Does the website serve the customer?

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A great website should be like a good butler, I learned from an old book, Designing from Both Sides of the Screen. Butlers anticipate needs and work silently, as a good website should.Since most of the book isn’t worth reading unless you are going to design a computer application, here are the web highlights. Note that I’ve updated them for 2006 and made them specific to the web only, so apologies to the authors for the liberties I’ve taken:

Respect physical effort: Don’t offer the visitor product if you don’t have it for sale yet. Don’t ask the visitor to click if she doesn’t have to – clicks are sacred. Remember where the customer was in the clickstream (so if they put something into the shopping cart, and decide to continue shopping, return them to where they were before they visited the cart). Remember information the visitor tells you for the entire site visit.

Respect mental effort: Don’t give people too much to look at or they will look at none of it. (This is especially true for on-site search.) Make common tasks prominent. Give feedback and show progress (“You are on step 1 of 2.”) Follow conventions even if you don’t love them (for example, an asterisk like this * has come to mean, “required field”. Companies who try to violate that convention have trouble getting conversions.) Start with smart preferences instead of asking for them all the time (bargain shopping sites should start with search ordered from cheapest to most expensive – a smart preference for a bargain site.)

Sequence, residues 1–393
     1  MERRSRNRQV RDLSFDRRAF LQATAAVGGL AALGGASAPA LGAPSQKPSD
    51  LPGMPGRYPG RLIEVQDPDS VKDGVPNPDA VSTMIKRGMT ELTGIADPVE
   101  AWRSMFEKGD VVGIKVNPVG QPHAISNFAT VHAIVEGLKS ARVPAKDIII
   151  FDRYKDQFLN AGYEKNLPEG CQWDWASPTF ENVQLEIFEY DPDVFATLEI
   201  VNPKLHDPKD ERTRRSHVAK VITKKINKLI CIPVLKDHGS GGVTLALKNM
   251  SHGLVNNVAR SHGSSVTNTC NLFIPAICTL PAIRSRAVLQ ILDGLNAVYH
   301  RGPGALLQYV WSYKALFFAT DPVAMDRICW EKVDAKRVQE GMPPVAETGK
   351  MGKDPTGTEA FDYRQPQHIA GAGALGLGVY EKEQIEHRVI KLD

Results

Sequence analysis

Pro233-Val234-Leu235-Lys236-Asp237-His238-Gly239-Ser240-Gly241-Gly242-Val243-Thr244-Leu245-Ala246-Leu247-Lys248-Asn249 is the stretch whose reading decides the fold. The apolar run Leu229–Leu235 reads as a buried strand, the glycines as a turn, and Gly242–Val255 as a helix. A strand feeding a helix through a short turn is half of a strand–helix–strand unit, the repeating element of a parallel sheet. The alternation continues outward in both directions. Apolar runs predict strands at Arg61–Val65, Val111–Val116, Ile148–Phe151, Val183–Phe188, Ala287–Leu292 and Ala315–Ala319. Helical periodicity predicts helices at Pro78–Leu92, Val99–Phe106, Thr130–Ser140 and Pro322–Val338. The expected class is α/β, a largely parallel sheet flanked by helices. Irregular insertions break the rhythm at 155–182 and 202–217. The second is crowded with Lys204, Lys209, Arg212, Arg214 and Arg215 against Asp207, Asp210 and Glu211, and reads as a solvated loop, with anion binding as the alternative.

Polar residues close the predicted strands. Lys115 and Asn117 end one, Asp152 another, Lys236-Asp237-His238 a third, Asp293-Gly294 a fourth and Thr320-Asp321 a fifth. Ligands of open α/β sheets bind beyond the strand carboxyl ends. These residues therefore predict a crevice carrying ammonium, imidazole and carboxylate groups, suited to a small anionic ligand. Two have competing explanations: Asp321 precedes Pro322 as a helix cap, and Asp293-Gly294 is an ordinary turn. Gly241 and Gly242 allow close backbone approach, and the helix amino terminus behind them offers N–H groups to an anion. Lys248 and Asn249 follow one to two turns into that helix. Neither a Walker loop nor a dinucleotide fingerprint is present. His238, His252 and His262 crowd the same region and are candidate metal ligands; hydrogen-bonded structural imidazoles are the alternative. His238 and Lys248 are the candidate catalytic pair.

Be Helpful: Accept information in many formats (can’t we be a little more forgiving in the way we accept telephone numbers and credit cards?) When you can’t accept many formats, tell people ahead of time. Don’t make people re-enter all their information after they enter one piece of it wrong (doesn’t it drive you batty to fill out a whole form and have it come back empty because you forgot the three-digit code on the back of your credit card?) Don’t blame the customer. Request only the information you absolutely need. Explain in the customer’s language, not yours.

Robbin
LunaMetrics

Our owner and CEO, Robbin Steif, started LunaMetrics twelve years ago. She is a graduate of Harvard College and the Harvard Business School, and has served on the Board of Directors for the Digital Analytics Association. Robbin is a winner of a BusinessWomen First award, as well as a recent Diamond Award for business leadership. You should read her letter before you decide to work with us.

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